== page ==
Author Topic: Joe's on Carmine St.  (Read 16228 times)

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Offline pythonic

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Re: Joe's on Carmine St.
« Reply #40 on: May 02, 2013, 02:25:29 PM »
Wow you see how light they went on that shredded mozz in that first pie?
If you can dodge a wrench you can dodge a ball.


Offline paulo.vllrr

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Re: Joe's on Carmine St.
« Reply #41 on: May 02, 2013, 02:53:41 PM »
Pythonic,

I've been to a lot of slice joints around NYC and have never seen anyone else put as little low-moisture mozz on a pie as Joe's. But it somehow works, the crust is super thin and more cheese might throw off the slice's balance, but that's just my opinion. Getting Grande cheese down to mexico city (me being their only customer in the country) is very expensive so I may have to take a page from Joe's book and go extra light on the cheese!

Offline paulo.vllrr

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Re: Joe's on Carmine St.
« Reply #42 on: May 06, 2013, 03:18:40 AM »
This dough formulation was made using a mixture of one user's observations of Joe's dough, my own judgement after much reading for a relatively small amount of yeast, and various opinions from various threads concerning kneading and proofing/fermenting techniques.

Flour (100%):        269.92 g  |  9.52 oz | 0.6 lbs
Water (62%):        167.35 g  |  5.9 oz | 0.37 lbs
Cake Yeast (.5%): 1.35 g | 0.05 oz | 0 lbs |
Salt (1.8%):        4.86 g | 0.17 oz | 0.01 lbs | 0.87 tsp | 0.29 tbsp
Oil (2%):                5.4 g | 0.19 oz | 0.01 lbs | 1.2 tsp | 0.4 tbsp
Total (166.3%):       448.88 g | 15.83 oz | 0.99 lbs | TF = 0.07
Single Ball:       224.44 g | 7.92 oz | 0.49 lbs

12 inch pies, the TF is 0.07. 18 hour bulk cold ferment with a reball/2 hour individual rise before baking.

The flour I used is a "premium" mexican brand of flour called Harinas Elizondo. This is their high-gluten flour which is at 14.7%. I did three identical trials comparing this flour to some smuggled KASL and at least to my very amateur pizza palate (as well as 4 others), we couldn't taste any significant differences.

My oven setup is a standard gas oven (no broiler) which goes up to 500F with a 14x16 1/2 inch steel plate on the bottom shelf. I've left the oven unopened on max on a very hot day for an hour and a half and my IR scanner reads 529F as the max temperature. First pie is a cherry tomato, roasted garlic, basil and OO with a 4 minute bake time. Second is a garlic shrimp pie with a 3:40 bake time. As far as the crust, flavor was good (In my personal opinion cake yeast tastes better than IDY) with decent oven spring, although a little bit too chewy/leathery. I had never gotten any amount of chewiness (which I want) before but this was a little bit much. I also believe that for the specific crust I'm looking for I'm going to have to get a 1/4 inch steel plate so my pizzas will last a few minutes longer for browning and crunch purposes, as well as char reduction on the undercarriage. Not saying that there's anything wrong with a 3:40 bake time in a home oven, but it's just not what I'm looking for right now. Something looking more like this is the goal: http://slice.seriouseats.com/archives/2011/02/famous-joes-pizza-greenwich-village-manhattan-nyc.html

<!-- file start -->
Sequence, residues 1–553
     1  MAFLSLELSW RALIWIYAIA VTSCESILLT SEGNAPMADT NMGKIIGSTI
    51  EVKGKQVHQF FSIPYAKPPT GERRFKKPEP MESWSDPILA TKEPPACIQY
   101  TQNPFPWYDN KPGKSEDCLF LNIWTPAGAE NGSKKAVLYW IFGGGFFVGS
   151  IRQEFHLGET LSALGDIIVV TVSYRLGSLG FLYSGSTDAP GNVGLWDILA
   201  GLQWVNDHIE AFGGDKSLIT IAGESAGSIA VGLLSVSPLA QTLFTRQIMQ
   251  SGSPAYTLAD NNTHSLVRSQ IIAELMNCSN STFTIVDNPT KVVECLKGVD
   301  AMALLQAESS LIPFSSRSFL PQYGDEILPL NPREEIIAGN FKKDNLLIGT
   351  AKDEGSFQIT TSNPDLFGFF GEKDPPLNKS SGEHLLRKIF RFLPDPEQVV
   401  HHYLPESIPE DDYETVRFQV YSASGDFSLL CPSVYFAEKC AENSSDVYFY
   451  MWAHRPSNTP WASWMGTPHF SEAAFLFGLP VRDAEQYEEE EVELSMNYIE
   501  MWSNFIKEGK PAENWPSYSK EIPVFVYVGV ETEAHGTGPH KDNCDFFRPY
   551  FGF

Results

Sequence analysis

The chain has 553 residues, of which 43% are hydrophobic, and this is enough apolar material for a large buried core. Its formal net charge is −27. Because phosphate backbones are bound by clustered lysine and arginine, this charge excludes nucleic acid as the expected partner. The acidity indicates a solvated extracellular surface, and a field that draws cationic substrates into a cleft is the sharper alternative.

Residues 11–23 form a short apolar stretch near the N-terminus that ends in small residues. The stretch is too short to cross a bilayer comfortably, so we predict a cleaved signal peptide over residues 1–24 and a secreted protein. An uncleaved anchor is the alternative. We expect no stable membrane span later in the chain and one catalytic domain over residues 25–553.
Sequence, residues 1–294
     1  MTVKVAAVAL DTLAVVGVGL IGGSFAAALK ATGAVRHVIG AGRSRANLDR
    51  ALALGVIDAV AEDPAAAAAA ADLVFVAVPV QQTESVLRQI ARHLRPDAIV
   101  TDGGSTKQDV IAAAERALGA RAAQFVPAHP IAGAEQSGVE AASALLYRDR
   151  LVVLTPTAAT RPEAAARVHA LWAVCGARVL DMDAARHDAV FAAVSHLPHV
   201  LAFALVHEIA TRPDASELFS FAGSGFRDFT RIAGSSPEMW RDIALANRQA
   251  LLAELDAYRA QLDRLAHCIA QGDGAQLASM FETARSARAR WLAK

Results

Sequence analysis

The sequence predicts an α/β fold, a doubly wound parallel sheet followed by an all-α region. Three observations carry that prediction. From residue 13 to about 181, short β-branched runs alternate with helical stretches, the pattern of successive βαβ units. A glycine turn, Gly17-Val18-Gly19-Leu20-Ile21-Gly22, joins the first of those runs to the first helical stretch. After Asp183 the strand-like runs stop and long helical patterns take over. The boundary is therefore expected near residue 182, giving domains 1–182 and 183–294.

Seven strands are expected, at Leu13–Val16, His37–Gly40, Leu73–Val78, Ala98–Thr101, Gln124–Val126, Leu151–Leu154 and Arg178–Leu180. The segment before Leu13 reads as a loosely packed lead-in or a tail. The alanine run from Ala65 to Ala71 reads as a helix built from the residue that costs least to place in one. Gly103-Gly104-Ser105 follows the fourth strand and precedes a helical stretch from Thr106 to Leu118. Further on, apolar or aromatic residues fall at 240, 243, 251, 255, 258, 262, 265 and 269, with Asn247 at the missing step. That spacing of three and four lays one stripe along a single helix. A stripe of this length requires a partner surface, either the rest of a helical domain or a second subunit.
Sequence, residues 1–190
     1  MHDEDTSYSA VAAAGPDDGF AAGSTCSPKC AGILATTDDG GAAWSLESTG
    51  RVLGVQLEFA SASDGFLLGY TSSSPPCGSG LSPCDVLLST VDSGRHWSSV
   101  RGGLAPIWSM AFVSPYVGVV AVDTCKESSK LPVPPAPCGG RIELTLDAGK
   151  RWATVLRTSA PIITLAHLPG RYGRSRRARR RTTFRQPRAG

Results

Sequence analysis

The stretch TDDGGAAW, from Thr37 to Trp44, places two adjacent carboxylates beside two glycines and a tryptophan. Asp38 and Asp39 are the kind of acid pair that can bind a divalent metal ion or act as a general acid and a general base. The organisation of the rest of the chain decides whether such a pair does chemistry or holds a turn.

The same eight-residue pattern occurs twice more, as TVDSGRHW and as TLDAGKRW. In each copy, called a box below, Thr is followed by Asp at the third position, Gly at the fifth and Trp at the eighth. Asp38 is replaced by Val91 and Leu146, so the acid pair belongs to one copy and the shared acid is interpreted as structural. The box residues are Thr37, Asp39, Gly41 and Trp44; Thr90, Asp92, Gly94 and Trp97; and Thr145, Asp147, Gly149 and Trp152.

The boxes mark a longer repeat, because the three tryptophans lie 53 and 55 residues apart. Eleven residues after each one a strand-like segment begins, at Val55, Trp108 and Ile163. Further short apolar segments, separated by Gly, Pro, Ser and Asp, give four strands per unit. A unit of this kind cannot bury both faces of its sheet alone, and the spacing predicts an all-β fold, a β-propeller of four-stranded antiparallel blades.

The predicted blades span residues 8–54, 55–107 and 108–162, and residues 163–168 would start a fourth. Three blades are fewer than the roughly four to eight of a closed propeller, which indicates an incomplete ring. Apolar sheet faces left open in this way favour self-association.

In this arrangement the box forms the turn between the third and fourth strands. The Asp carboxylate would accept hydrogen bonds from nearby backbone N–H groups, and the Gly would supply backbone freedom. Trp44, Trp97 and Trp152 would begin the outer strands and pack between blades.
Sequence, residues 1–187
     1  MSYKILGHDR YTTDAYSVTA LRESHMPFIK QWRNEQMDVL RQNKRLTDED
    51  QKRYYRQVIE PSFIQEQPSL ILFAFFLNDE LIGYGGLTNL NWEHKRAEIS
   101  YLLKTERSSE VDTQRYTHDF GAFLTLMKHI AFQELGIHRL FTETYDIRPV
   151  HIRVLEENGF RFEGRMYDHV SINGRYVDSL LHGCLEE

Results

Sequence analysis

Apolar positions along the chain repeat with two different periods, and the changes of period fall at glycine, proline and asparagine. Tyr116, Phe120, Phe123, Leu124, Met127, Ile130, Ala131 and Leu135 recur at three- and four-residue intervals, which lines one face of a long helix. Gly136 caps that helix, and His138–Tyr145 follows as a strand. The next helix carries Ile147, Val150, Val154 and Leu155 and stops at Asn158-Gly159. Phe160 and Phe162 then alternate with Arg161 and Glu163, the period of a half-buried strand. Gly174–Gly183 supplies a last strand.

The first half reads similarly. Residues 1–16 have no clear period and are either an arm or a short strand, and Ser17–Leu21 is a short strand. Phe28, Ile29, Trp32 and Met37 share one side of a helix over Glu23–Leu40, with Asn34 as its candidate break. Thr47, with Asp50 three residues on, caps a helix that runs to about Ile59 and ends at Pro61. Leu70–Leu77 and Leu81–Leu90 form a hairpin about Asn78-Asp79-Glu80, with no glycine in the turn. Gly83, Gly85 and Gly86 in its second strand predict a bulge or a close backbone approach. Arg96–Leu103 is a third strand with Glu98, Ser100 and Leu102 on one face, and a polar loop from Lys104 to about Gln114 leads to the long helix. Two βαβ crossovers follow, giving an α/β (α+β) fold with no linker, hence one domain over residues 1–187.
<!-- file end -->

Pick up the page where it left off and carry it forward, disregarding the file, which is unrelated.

Thank you Peter and Jackie Tran for you invitation to participate in the thread, any and all opinions are greatly appreciated!

Paulo

Offline Pete-zza

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Re: Joe's on Carmine St.
« Reply #43 on: May 06, 2013, 10:34:25 AM »
Paulo,

Your pizzas look very good and quite tasty.

Can you tell us more about how you make your dough, including the machine you used to make your dough and the mixing/kneading speeds and times? And did you note the finished dough temperature? Also, can you tell us which of the flours shown at the Harinas Elizondo website at http://www.harinaselizondo.com/productos.htm you are using? Is it the Alta Proteina flour? At 14.7% protein, if measured as it is in the U.S., that would be high for a high-protein, high-gluten flour in the U.S., where high-gluten flours tend to max out at about 14.2%. All else being equal, the 14.7% protein content of your flour, together with possible kneading issues, could account for some of the chewiness you mentioned, although there could be other factors as noted below.

If your flour is a true 14.7% flour, and assuming that there are no kneading issues, you could offset the chewiness by going to a somewhat lower protein flour, or you could blend a lower protein content flour in with your present flour. You could also increase the hydration of your present dough by a percent or two.

It also seems to me that 0.50% fresh yeast may be a bit low for an 18-hour cold fermented dough even though that quantity and the fermentation window are in line with a typical dough formulation for a NY style such as given, for example, at the PMQ Recipe bank at http://www.pmq.com/Recipe-Bank/index.php/name/New-York-Style-Pizza/record/57724/.

Maybe once you provide more detail on how you make your dough, we can provide more specific guidance.

Peter

Offline paulo.vllrr

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Re: Joe's on Carmine St.
« Reply #44 on: May 06, 2013, 03:50:00 PM »
Peter,

Thank you for the input and positive comments.

This batch of dough was made using the following process: Crumble fresh yeast and salt into flour and mix. Place room temperature bottled water into a Hamilton Beach Stand Mixer: